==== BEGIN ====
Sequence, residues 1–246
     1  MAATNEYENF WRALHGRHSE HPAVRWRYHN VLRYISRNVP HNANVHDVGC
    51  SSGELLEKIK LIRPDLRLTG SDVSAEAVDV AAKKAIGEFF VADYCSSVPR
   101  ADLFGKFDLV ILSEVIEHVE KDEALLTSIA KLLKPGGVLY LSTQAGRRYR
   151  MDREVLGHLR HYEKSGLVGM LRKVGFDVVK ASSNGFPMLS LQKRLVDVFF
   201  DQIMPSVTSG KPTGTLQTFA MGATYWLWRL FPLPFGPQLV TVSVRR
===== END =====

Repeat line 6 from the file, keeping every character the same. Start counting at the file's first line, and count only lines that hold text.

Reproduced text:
   201  DQIMPSVTSG KPTGTLQTFA MGATYWLWRL FPLPFGPQLV TVSVRR